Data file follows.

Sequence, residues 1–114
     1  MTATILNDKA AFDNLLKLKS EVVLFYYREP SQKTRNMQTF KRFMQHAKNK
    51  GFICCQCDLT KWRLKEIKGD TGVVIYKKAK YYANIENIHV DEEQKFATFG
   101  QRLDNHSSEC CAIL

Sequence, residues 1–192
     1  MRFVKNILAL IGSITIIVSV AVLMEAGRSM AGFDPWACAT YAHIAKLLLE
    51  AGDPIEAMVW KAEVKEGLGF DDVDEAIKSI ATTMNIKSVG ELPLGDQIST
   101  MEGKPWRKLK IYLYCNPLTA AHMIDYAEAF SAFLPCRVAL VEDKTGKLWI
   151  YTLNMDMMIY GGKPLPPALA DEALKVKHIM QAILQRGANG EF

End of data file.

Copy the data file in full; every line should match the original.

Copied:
Sequence, residues 1–114
     1  MTATILNDKA AFDNLLKLKS EVVLFYYREP SQKTRNMQTF KRFMQHAKNK
    51  GFICCQCDLT KWRLKEIKGD TGVVIYKKAK YYANIENIHV DEEQKFATFG
   101  QRLDNHSSEC CAIL

Sequence, residues 1–192
     1  MRFVKNILAL IGSITIIVSV AVLMEAGRSM AGFDPWACAT YAHIAKLLLE
    51  AGDPIEAMVW KAEVKEGLGF DDVDEAIKSI ATTMNIKSVG ELPLGDQIST
   101  MEGKPWRKLK IYLYCNPLTA AHMIDYAEAF SAFLPCRVAL VEDKTGKLWI
   151  YTLNMDMMIY GGKPLPPALA DEALKVKHIM QAILQRGANG EF